It presents all content so users can find and cite tables and databases as easily as articles or chapters in any available format: PDF, WEB, XLS, DATA, ePUB,READ.
For a quick introduction to OECD i Library, including how to search the database and how to use advanced features and find statistical information and indicators, take a look at the user guide.
You can find details on other sources of statistics on our Statistics Guide.
Study Well@NCL is a collaborative campaign formulated by NUIT, the NUSU Welfare Equality Officer and the University Library. Study Well@NCL advocates a responsible approach to studying and encourages positive behaviours in study spaces because we know it can be stressful especially at certain times of the year.
- Choose the right environment for your study needs. We provide different study spaces and study rooms across campus depending on how you want to study.
- To find a free space check out our current study space availability information on the web or via the Newcastle University App. If you’re struggling to find a study space in the library buildings please ask a member of staff and we will help you.
- To find free cluster spaces use the Find a PC function, also available via the Newcastle University App.
- Find information on developing your academic skills and specifically exam and revision advice. The Academic Skills Kit (ASK) website has information to help.
- Stay hydrated and take regular breaks. You can take up to 30 minutes before your PC automatically logs off in all the clusters, and before belongings are removed at extremely busy times in the libraries.
- Respect the food and drink policy of the space you’re studying in, and use the bins and recycling containers to keep it clean and tidy.
- Make sure you take your belongings with you if you’re going to be away for longer than 30 minutes. All belongings are left at the owner’s risk.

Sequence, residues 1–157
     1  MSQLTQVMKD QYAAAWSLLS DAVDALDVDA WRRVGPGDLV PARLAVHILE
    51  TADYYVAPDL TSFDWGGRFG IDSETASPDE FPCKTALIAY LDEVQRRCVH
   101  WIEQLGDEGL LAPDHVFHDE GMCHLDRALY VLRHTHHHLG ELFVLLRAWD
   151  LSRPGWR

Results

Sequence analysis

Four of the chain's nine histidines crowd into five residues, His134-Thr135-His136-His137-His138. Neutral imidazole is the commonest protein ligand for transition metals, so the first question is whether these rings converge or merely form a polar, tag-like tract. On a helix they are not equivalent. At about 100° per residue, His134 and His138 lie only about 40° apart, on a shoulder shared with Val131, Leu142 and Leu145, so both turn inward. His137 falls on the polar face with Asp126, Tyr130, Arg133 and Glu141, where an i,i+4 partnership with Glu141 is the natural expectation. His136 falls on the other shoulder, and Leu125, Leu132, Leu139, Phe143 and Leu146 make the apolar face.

- If you are being disturbed by noise in any of our Library spaces, text the Library Noise Alert Service on 07891 484 764 (at your standard SMS rate) and we will investigate. This service is specifically for monitoring noise issues in Library spaces.
- If you’re feeling overwhelmed please contact the University Student Wellbeing Team or NUSU Student Wellfare. They’re there to help.
Welcome from the SAgE Library Team
Need specific subject help?
The SAgE Library Team provide support for students and staff from the Faculty of Science, Agriculture and Engineering. Julia Robinson is the Liaison Librarian for the Schools of Natural & Environmental Sciences and Mathematics, Statistics & Physics. Lorna Smith is the Liaison Librarian for the Schools of Computing and Engineering. The rest of the team work for the whole SAgE Faculty: Catherine Dale is Assistant Liaison Librarian and Yvonne Davison, Susan Millican and Christina Taylor are Liaison Assistants.
So what can we help you with? We can:
- Direct you to quality information
- Help with study and research skills
- Advise on how to evaluate information sources
- Help you to navigate databases
… and much more!
We’re here to help you get the best from the Library’s services and resources so feel free to contact us at any time. Come and find us on level 4 of the Philip Robinson Library, email us at firstname.lastname@example.org, book a one-to-one appointment, or follow us on Twitter @ncllibsage.
For more information, check out the Subject Guides.
We look forward to meeting you!